Tourism in Africa loses R343-million per year through elephant poaching

A herd of elephants walk in front of Mount Kilimanjaro in Amboseli National Park, Kenya. on November 3, 2016. (Carl de Souza/AFP)

A herd of elephants walk in front of Mount Kilimanjaro in Amboseli National Park, Kenya. on November 3, 2016. (Carl de Souza/AFP)

African countries with elephant populations are losing R343-million a year through poaching, according to new research. This is the direct cost of lost income from tourism.

  That is according to new research published in the peer-reviewed journal Nature Communications. Titled Estimated economic losses to tourism in Africa from the illegal killing of elephants, it looked at tourist visits to protected areas and at how these had declined as poaching increased. Some 100 000 elephant are thought to have been killed on the continent in the last decade. But accurate numbers are impossible to come by because there are no numbers on the total number of elephant on the continent.

The researchers, from the World Wide Fund for Nature and several universities, said: “Across Africa the annual, direct economic losses due to elephant poaching run to a mean of $9.1-million (R122-million).” Indirect costs – in losses to the people and industries that support tourism – run to $16.4-million (R221-million).

Four elephants are killed every hour on the continent – but researchers said this cost is dwarfed by the profits being made by poachers. It said that ivory sales were worth R8-billion a year on Chinese black markets.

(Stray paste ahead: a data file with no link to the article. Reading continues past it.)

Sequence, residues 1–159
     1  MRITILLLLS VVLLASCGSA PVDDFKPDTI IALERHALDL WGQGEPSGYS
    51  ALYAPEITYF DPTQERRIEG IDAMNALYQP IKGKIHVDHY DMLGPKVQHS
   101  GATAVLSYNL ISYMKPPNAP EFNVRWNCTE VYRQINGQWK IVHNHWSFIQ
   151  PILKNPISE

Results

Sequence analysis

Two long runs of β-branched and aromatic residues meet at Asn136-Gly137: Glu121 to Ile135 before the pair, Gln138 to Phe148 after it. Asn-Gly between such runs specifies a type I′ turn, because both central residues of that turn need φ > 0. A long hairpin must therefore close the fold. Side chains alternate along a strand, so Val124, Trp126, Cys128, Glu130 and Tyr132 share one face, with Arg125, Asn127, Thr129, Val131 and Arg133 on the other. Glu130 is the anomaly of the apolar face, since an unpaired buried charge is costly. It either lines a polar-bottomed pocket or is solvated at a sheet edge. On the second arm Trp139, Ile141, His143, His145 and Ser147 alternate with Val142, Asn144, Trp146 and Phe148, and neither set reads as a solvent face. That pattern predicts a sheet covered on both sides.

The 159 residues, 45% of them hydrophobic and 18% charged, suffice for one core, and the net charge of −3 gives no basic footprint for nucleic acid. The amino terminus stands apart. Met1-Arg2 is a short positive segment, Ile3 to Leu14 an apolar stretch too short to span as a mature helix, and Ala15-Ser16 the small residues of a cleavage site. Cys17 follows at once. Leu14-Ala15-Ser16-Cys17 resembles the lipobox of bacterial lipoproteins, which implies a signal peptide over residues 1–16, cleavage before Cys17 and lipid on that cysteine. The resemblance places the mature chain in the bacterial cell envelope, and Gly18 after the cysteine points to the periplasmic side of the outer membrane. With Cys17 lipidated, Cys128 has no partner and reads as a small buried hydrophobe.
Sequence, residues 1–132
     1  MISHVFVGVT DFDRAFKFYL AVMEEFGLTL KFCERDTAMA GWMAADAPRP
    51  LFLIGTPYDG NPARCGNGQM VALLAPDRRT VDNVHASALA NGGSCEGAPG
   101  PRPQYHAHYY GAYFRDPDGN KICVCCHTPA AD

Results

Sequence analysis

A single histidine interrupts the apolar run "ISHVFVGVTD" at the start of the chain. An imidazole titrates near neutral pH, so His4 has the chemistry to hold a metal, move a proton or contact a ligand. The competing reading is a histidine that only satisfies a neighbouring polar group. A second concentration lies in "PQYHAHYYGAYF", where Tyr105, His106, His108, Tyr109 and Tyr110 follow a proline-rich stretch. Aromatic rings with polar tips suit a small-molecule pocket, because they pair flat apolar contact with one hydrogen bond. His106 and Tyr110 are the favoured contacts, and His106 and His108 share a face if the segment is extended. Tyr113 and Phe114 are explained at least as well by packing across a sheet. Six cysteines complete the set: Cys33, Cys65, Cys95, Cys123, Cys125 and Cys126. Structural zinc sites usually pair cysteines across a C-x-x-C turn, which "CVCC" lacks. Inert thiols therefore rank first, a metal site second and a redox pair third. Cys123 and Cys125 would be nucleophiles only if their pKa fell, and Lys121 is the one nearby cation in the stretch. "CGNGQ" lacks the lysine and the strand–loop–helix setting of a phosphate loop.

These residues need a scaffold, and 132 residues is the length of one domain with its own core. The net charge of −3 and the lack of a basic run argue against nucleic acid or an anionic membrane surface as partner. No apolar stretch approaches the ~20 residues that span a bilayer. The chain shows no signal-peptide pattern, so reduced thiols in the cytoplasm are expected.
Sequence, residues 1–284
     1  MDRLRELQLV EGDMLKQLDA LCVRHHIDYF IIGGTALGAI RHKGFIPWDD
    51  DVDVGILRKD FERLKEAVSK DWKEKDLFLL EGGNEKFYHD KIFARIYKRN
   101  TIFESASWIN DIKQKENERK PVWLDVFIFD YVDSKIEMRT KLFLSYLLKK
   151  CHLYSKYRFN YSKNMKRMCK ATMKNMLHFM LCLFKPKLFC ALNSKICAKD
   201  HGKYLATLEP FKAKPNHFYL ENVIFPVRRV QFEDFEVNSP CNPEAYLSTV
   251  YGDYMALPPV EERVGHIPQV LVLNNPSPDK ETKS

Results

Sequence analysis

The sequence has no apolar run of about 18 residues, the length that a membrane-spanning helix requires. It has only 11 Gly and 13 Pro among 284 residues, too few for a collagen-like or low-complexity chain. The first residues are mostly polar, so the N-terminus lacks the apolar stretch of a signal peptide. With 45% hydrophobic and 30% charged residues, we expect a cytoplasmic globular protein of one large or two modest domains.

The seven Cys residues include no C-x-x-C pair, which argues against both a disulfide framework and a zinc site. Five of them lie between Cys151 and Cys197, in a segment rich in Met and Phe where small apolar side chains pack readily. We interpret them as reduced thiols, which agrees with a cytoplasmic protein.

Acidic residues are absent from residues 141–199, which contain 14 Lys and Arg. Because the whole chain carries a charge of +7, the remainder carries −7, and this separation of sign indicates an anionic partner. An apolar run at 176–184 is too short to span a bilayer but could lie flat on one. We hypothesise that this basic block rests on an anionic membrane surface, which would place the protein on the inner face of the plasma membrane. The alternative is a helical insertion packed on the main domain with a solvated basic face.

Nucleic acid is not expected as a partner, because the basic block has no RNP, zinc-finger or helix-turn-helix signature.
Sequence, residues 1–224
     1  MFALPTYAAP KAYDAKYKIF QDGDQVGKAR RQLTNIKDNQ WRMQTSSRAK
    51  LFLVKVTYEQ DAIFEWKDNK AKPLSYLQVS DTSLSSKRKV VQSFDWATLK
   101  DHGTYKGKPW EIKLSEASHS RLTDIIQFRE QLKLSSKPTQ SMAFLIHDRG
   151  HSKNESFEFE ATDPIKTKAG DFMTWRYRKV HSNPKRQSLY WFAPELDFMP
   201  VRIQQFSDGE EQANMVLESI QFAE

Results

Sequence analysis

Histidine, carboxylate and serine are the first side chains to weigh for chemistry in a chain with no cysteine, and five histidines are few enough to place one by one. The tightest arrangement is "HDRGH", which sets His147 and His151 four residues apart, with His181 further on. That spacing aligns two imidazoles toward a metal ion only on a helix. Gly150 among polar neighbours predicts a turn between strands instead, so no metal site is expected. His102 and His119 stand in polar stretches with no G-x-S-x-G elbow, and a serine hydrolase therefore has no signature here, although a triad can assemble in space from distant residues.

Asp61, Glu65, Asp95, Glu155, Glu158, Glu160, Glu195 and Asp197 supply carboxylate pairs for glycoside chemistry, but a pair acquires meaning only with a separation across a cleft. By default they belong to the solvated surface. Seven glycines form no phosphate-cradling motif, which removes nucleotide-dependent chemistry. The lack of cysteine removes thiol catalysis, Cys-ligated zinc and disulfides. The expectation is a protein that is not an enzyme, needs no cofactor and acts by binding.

That profit means the costs to conserve elephant are high. But the researchers concluded that these costs are less than the income that would be generated from tourism, if elephant are kept alive.

To get to that conclusion, the team looked at the costs of halting elephant poaching across the continent. On average, this ran to the tune of nearly R8 000 a square kilometre. For that much money, poaching could be almost halted in the 58 protected areas that have over 1 000 elephant.

The research said: “Tourist’s willingness to pay is sufficient to offset the increased costs necessary to safeguard elephant populations.”

But the numbers do not work for elephant in the heavily forested areas of central Africa. These have the fewest tourists, but the highest rate of poaching. Two-thirds of the continental cost for stopping poaching would have to be spent here. The cost of saving elephant would be 100% more than the income they generate through tourism.

For these elephant populations, the researchers say their survival depends on “public concern” and their “existence value”.

The case is much better for the rest of the continent. In southern Africa, tourism from elephants would generate 54% more income than the cost of keeping them alive. That ratio is even better in eastern and western Africa. “The lost benefit exceeds the anti-poaching costs necessary to stop elephant declines across the continent’s savannah areas.”

Saving Africa’s elephants make economic sense.

Sipho Kings

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